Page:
Welcome

2010

Welcome

Critics Consensus

No consensus yet.

87%

TOMATOMETER

Total Count: 30

86%

Audience Score

User Ratings: 2,133
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Movie Info

Bilal, a 17-year-old Kurdish boy, has traveled through Middle East and Europe to join his girlfriend, freshly immigrated to England. But, his journey comes to an abrupt end when he is stopped on the French side of the Channel. Having decided to swim across, Bilal goes to the local swimming pool to train. There he meets Simon, a swimming instructor in the midst of a divorce. To impress his wife and win back her heart, Simon decides to risk everything by taking Bilal under his wing.

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Cast

Vincent Lindon
as Simon Calmat
Audrey Dana
as Marion Calmat
Olivier Rabourdin
as Lieutenant Caratini
Mouafaq Rushdie
as Le père de Mina
Behi Djanati Atai
as La mère de Mina
Patrick Ligardes
as Le voisin de Simon
Blandine Pélissier
as Judge of Family Affairs
Gilles Masson
as Grader in Detention Center
Jean-Paul Comart
as le gradé chez Simon
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Critic Reviews for Welcome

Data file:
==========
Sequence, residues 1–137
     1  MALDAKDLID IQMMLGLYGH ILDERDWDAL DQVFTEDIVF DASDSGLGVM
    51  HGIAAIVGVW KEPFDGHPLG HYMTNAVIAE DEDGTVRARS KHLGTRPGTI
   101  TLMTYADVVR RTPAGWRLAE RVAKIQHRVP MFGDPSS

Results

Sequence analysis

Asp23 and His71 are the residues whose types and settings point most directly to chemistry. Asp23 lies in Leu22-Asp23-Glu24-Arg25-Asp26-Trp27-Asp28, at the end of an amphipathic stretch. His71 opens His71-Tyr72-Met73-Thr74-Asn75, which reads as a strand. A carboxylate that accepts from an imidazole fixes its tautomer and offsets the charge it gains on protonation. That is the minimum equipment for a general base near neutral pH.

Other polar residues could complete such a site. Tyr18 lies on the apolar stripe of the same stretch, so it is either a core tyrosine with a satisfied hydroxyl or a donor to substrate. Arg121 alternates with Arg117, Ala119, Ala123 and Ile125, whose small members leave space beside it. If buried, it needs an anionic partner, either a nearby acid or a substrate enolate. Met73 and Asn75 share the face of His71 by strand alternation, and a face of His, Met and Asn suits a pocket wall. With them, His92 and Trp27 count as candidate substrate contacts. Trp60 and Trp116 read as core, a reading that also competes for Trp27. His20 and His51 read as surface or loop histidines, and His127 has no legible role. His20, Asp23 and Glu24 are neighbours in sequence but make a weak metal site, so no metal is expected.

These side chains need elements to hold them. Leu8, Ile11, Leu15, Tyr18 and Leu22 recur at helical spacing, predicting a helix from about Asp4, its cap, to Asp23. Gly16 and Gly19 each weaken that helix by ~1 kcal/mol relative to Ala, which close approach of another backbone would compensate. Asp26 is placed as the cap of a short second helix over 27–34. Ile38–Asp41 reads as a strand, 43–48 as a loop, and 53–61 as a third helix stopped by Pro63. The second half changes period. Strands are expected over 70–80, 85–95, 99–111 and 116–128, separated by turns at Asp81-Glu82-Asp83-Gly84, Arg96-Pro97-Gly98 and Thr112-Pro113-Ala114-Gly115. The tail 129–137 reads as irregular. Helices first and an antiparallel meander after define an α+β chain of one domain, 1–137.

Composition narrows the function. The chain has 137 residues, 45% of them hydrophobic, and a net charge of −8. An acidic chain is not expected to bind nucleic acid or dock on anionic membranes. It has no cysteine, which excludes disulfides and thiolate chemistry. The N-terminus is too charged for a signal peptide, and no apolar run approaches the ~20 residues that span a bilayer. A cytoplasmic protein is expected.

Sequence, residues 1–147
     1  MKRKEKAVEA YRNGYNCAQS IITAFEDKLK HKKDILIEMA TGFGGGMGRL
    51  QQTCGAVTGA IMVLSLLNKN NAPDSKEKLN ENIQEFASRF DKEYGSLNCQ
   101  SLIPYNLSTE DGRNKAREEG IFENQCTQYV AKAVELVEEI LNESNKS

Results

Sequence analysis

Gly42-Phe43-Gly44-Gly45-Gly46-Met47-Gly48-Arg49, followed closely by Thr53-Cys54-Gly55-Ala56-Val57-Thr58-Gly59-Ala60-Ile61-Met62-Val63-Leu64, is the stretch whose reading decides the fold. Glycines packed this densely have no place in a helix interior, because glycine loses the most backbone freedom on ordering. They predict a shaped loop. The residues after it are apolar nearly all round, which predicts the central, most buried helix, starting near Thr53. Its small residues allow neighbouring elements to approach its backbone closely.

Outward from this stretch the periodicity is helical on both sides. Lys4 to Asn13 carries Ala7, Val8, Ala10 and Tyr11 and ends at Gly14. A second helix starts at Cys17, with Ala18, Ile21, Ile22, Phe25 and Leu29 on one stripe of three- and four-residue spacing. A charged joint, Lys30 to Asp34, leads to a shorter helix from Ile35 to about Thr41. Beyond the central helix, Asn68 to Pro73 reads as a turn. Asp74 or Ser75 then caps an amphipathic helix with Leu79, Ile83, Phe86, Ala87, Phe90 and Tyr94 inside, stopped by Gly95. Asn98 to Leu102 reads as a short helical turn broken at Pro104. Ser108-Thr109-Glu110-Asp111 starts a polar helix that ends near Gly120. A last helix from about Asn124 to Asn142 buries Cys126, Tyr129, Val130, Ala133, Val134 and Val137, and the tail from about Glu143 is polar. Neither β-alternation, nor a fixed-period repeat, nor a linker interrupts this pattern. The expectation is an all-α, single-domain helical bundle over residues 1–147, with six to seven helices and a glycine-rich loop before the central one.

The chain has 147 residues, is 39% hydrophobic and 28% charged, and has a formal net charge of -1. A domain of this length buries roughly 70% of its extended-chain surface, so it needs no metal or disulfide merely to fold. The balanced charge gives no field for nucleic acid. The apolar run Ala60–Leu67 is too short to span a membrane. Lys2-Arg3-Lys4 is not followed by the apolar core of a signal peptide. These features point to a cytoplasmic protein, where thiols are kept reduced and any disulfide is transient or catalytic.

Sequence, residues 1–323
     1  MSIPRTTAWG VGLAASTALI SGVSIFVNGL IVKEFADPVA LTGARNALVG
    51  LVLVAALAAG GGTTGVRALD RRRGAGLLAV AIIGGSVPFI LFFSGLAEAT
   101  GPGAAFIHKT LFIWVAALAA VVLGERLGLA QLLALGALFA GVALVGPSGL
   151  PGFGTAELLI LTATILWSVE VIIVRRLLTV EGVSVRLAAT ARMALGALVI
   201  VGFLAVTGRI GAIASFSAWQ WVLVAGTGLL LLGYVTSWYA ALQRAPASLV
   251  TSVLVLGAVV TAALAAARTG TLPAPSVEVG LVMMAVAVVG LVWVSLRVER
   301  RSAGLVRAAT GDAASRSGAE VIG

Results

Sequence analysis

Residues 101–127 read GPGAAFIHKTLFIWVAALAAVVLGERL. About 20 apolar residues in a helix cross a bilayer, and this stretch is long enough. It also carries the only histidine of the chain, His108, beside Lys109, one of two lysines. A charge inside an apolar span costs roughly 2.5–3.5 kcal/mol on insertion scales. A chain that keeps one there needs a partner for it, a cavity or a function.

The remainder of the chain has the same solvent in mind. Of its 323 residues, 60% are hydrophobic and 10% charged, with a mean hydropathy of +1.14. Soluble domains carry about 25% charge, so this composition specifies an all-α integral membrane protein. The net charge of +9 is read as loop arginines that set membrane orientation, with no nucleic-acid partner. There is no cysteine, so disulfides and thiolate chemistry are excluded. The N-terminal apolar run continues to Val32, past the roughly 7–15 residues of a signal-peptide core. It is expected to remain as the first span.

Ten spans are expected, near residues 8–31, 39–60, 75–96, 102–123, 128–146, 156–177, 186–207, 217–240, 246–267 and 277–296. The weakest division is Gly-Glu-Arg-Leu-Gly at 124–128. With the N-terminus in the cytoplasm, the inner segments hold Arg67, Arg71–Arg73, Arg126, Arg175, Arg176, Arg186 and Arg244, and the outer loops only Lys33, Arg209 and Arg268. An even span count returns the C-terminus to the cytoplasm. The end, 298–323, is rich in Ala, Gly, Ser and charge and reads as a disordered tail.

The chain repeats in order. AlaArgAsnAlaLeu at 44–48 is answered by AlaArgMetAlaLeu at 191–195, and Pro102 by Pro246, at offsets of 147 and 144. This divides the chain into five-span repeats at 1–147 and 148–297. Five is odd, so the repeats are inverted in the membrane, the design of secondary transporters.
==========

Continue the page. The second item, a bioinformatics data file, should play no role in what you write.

All Critics (30) | Top Critics (8) | Fresh (26) | Rotten (4)

  • Puts you so completely into the shoes of a young man facing almost insurmountable obstacles that you feel a profound empathy not only for him but also for all who are ready to risk everything for the dream of a better life.

    May 7, 2010 | Rating: 4/5
  • [It] has its share of clichés and contrivances. Fortunately, compensation is provided by strong performances by veteran actor Vincent Lindon as the coach and newcomer Firat Ayverdi as the refugee.

    May 7, 2010 | Rating: 3/4 | Full Review…
  • Don't discount the pleasure of watching a weathered star breathe life into an otherwise banal film.

    May 5, 2010 | Rating: 3/5 | Full Review…

    David Fear

    Time Out
    Top Critic
  • Starting strong with its atmospheric immersion in the herd of immigrants killing time by the docks, Welcome quickly shrugs off credibility by equating Bilal's quest with Simon's angst over his recent divorce.

    May 4, 2010 | Full Review…
  • Such a melodramatic set-up is no way to win round viewers who aren't predisposed to sympathise with immigrants - or with gloomy middle-aged men.

    Nov 13, 2009 | Rating: 2/5 | Full Review…
  • This is compassionate and humane film-making. While the story does sometimes lapse into cliché, the two beautifully judged central performances carry it through.

    Nov 6, 2009 | Rating: 3/5 | Full Review…

    Wendy Ide

    Times (UK)
    Top Critic

Audience Reviews for Welcome

  • Jun 13, 2012